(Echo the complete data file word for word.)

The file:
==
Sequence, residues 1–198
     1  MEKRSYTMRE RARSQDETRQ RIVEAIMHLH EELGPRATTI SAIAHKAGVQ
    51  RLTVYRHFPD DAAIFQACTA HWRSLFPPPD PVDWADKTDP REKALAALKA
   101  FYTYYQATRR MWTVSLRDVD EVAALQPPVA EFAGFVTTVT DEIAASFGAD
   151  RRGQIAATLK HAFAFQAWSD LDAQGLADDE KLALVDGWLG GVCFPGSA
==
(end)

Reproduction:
Sequence, residues 1–198
     1  MEKRSYTMRE RARSQDETRQ RIVEAIMHLH EELGPRATTI SAIAHKAGVQ
    51  RLTVYRHFPD DAAIFQACTA HWRSLFPPPD PVDWADKTDP REKALAALKA
   101  FYTYYQATRR MWTVSLRDVD EVAALQPPVA EFAGFVTTVT DEIAASFGAD
   151  RRGQIAATLK HAFAFQAWSD LDAQGLADDE KLALVDGWLG GVCFPGSA